The “7 Geopolitical Scourges” of the Global Economy

National Westminister Bank PLC (NatWest), the world-famous British investment bank, listed the geopolitical problems of the global economy in its 2023 economic forecast report, unlike other investment banks.

In its report, NatWest drew attention to 7 countries that could strain the global economy. Undoubtedly, Russia and Ukraine lead these countries.

Russia Is, As Expected, The Biggest Threat To The Economy.

Since the initiation of Russian occupation on February 24, 2022, Ukraine has gained a distinct advantage. Despite Russia’s attempted frontline successes that remain unrealized, Ukraine is bolstered by generous moral and financial support from its Western allies.

NatWest report suggests that a harsh winter in Ukraine could result in economic strain across Europe and the USA. Additionally, it is suggested that Putin will not be inclined toward an immediate peace agreement. It appears this winter may bring about drastic changes for many countries impacted by these decisions.

NatWest has declared that, should a peaceful resolution be reached in the conflict, Moscow will still incur an extreme financial burden due to redistributing oil and gas on the international market. If Russia emerges victorious from this crisis, it will likely do so as a significantly weakened nation.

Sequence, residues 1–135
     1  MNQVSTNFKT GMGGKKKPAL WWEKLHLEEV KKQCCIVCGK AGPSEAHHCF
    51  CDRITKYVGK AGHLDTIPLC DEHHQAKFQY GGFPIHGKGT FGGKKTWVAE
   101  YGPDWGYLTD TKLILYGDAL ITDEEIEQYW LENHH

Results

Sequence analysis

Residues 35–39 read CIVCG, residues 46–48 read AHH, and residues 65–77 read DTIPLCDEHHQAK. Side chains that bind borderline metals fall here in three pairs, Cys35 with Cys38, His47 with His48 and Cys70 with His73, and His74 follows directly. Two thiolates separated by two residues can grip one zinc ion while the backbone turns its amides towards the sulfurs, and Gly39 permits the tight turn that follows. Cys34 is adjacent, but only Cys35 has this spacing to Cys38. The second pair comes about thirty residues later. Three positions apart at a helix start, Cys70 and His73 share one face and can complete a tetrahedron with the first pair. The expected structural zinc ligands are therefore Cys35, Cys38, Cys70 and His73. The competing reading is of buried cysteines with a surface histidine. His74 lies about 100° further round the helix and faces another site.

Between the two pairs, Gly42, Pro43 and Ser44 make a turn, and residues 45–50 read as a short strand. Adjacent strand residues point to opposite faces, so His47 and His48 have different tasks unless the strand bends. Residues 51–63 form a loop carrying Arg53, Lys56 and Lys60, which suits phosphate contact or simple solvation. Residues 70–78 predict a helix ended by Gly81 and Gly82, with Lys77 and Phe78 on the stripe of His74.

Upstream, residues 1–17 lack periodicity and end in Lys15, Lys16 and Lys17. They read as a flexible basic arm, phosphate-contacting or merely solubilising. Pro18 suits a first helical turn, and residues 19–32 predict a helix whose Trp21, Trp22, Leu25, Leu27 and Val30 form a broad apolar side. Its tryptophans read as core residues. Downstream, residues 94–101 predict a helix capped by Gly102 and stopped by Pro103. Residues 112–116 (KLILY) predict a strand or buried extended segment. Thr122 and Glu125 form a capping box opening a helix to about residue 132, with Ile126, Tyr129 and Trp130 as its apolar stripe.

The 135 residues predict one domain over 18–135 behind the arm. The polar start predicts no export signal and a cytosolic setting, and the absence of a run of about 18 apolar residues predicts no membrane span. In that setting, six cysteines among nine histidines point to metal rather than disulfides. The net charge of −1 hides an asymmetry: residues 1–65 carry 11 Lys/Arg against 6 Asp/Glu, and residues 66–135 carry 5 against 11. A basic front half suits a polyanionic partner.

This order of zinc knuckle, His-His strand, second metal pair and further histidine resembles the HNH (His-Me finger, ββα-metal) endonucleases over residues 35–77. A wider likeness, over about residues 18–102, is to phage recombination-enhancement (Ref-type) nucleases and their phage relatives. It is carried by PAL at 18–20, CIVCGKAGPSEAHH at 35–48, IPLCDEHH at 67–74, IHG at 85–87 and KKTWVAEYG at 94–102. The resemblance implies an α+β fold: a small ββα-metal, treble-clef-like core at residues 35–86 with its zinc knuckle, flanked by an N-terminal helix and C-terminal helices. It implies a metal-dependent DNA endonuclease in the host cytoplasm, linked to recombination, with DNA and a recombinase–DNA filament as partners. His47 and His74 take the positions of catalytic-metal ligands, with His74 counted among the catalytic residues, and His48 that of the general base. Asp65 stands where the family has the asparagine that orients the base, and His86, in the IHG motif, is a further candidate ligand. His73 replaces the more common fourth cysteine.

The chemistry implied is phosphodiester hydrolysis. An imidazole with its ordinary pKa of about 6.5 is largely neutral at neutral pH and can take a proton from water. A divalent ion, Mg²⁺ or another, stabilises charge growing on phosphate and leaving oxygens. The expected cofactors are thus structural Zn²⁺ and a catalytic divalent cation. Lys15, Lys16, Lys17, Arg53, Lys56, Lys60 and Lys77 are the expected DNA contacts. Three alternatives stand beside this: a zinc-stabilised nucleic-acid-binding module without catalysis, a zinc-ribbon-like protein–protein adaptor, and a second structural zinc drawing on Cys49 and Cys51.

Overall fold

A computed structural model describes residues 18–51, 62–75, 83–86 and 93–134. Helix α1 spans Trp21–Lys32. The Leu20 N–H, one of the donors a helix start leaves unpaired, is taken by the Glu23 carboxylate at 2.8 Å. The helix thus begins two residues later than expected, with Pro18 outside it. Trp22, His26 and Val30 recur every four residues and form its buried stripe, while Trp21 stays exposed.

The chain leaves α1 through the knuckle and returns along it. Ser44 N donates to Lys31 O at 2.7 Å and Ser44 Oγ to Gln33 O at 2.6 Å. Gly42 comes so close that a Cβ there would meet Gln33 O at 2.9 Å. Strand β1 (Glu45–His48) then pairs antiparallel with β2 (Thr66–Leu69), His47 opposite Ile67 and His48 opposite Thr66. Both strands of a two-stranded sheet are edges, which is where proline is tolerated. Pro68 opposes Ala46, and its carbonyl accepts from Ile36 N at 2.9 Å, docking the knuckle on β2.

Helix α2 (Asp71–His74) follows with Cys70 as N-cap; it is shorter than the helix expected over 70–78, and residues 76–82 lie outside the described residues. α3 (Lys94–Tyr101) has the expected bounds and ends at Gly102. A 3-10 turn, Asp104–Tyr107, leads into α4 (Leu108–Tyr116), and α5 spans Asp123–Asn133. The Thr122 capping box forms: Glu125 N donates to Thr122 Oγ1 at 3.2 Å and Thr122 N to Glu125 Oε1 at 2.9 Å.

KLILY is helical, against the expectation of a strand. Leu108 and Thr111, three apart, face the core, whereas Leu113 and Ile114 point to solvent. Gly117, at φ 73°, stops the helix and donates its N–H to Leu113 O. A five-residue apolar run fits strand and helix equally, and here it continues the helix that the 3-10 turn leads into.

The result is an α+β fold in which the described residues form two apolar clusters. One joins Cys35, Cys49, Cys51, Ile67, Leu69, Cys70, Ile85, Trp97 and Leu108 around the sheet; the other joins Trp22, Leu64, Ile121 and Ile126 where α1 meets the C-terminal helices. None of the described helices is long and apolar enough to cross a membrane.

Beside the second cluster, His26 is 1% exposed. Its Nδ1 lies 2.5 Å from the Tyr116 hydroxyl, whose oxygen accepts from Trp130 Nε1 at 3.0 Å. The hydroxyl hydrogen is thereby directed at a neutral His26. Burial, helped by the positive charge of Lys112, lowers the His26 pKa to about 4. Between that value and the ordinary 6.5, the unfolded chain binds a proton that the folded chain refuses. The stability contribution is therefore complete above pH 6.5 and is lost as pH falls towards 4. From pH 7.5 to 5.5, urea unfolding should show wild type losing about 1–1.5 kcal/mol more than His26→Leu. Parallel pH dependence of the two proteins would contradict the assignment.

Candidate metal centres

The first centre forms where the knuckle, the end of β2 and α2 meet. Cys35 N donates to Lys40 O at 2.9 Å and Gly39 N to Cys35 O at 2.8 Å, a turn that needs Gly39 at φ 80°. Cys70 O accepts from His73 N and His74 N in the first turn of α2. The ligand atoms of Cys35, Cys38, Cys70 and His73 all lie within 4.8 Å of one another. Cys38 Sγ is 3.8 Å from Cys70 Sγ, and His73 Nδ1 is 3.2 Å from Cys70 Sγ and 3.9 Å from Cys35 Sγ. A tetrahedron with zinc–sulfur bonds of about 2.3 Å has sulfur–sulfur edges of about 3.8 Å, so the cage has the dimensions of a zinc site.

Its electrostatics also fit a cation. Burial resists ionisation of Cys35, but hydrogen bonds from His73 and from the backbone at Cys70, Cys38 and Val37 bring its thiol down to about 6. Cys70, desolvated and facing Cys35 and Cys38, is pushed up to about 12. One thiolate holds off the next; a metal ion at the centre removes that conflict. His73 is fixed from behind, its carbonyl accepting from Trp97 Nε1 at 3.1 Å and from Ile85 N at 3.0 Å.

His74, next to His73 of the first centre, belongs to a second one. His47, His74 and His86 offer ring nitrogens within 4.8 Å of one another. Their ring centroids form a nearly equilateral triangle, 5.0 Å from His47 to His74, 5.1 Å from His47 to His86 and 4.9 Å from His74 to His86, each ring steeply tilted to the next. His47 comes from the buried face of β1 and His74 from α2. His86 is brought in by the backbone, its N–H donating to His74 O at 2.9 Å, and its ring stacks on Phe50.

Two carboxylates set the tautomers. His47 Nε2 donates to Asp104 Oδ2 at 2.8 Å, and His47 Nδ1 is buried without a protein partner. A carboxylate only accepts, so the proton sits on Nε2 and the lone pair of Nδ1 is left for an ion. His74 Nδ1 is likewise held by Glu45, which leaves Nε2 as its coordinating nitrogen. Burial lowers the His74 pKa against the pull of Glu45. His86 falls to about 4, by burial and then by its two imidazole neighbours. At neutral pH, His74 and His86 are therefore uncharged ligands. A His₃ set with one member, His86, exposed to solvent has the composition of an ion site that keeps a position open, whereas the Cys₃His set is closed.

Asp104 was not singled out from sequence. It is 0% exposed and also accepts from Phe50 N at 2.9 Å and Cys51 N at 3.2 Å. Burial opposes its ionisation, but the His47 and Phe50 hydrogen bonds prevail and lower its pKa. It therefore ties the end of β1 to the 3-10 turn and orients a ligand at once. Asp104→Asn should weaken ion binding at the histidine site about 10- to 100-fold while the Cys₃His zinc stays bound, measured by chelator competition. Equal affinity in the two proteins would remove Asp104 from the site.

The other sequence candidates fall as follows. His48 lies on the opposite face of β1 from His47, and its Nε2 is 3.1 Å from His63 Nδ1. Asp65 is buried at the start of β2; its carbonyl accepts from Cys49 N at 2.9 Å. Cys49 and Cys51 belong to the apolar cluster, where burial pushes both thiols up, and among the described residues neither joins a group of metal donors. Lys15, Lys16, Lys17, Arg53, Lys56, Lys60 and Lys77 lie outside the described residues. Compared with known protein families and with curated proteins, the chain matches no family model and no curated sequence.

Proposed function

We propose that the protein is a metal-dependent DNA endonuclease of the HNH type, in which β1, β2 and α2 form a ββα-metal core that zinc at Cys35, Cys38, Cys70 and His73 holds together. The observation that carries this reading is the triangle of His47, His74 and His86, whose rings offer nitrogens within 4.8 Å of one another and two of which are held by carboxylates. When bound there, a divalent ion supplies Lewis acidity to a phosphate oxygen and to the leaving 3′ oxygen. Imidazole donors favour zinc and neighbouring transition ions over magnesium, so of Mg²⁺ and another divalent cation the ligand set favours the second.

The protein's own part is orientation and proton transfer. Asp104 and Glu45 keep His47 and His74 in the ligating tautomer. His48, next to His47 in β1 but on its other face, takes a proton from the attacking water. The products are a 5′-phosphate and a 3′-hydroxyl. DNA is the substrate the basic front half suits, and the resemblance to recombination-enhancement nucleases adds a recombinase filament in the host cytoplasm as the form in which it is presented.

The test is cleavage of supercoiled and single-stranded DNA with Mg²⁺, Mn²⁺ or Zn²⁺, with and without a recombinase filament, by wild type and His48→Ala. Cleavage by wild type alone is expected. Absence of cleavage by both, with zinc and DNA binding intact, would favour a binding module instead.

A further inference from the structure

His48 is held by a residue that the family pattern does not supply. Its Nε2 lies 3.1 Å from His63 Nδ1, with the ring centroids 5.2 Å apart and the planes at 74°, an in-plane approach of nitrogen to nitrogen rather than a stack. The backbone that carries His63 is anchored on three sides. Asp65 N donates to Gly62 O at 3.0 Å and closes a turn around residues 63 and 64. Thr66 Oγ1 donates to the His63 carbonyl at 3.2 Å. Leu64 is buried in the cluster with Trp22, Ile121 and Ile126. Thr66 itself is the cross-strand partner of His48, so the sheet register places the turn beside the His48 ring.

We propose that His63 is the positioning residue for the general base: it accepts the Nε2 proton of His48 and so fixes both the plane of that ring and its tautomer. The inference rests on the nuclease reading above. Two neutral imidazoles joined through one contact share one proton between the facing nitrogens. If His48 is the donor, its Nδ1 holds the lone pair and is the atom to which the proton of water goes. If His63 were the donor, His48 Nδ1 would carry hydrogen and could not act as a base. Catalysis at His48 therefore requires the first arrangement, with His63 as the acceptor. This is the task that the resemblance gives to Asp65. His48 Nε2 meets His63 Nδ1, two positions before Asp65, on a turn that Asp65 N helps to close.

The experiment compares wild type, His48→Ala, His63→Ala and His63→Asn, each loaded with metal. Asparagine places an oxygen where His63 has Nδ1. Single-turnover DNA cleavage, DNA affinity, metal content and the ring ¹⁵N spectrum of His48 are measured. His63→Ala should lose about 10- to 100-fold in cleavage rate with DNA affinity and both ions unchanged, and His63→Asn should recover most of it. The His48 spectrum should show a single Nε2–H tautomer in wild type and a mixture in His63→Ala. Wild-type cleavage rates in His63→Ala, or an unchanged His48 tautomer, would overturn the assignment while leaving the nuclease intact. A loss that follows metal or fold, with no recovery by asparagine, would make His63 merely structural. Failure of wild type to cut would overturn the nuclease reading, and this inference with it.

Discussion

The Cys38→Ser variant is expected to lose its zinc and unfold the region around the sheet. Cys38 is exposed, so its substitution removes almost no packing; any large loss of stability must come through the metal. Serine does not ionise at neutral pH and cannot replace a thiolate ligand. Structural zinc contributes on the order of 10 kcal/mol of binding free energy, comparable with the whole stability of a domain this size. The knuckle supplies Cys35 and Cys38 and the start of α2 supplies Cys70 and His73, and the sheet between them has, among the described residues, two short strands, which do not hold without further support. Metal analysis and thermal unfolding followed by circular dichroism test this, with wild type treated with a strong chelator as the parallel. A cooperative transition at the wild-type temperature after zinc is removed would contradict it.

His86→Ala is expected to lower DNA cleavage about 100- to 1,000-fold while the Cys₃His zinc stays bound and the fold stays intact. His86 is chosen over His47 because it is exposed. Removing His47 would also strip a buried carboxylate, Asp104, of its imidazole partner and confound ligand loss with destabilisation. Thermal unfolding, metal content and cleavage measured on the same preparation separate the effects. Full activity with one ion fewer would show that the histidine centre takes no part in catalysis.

The Taiwan Front Could Cause Big Problems.

As the world stands on its toes in 2023, Taiwan is one of the most feared destinations, given Beijing’s increased pressure. Despite Chinese attempts to undermine Taiwanese sovereignty, the United States has continued to back Taipei. Furthermore, Russia’s actions in Ukraine remind China to think twice before attempting an all-out war against Taiwan. However, NatWest warns us that there is still potential for a devastating blockade by China on this small island nation.

NatWest warns of a hidden geopolitical issue in 2023, “trade wars.” China appears to be the main problem here; Beijing will likely adopt an economic stance that gives preference to those countries and entities which are close allies. NatWest has coined this idea as “the rise of soft power” for China.

Pieter Aven

Pieter Aven is a business and financial journalist based in Boston covering stories at the intersection of business, technology and finance. He holds a degree in Germanic languages from the University of Brussels and a degree in journalism from Boston University.

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